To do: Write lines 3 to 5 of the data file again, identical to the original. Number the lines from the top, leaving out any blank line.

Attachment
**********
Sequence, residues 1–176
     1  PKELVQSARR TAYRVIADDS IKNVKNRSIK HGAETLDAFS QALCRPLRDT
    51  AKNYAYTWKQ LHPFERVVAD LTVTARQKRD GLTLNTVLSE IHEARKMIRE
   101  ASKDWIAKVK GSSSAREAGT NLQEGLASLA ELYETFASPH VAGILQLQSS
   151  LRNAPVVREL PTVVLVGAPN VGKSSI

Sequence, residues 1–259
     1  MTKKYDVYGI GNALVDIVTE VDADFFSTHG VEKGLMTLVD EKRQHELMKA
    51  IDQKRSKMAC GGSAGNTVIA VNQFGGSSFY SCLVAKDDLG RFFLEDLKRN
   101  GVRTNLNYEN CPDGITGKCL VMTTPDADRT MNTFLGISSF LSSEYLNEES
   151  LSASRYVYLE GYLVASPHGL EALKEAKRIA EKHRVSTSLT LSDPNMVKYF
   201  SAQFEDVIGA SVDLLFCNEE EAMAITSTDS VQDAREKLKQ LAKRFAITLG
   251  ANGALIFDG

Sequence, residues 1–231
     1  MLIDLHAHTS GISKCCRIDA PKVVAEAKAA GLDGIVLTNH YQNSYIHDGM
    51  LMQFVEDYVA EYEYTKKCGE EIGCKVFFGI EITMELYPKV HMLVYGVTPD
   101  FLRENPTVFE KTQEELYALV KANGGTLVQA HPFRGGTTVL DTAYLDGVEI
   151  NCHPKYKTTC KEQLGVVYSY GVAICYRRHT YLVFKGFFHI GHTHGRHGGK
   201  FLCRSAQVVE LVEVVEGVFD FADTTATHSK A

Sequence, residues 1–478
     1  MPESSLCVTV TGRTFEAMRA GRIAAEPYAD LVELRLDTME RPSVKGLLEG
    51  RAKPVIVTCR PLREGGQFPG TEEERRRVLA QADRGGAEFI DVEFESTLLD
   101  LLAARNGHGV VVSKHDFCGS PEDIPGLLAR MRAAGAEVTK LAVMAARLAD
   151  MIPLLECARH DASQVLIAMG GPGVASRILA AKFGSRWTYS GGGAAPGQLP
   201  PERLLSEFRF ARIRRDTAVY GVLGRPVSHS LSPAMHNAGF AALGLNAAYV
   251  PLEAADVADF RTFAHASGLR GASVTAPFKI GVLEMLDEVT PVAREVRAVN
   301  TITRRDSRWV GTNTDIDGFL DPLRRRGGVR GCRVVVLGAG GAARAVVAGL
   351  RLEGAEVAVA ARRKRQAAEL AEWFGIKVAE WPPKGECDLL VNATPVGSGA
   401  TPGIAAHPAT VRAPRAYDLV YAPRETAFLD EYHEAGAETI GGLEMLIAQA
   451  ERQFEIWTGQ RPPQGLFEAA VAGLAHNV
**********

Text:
    51  AKNYAYTWKQ LHPFERVVAD LTVTARQKRD GLTLNTVLSE IHEARKMIRE
   101  ASKDWIAKVK GSSSAREAGT NLQEGLASLA ELYETFASPH VAGILQLQSS
   151  LRNAPVVREL PTVVLVGAPN VGKSSI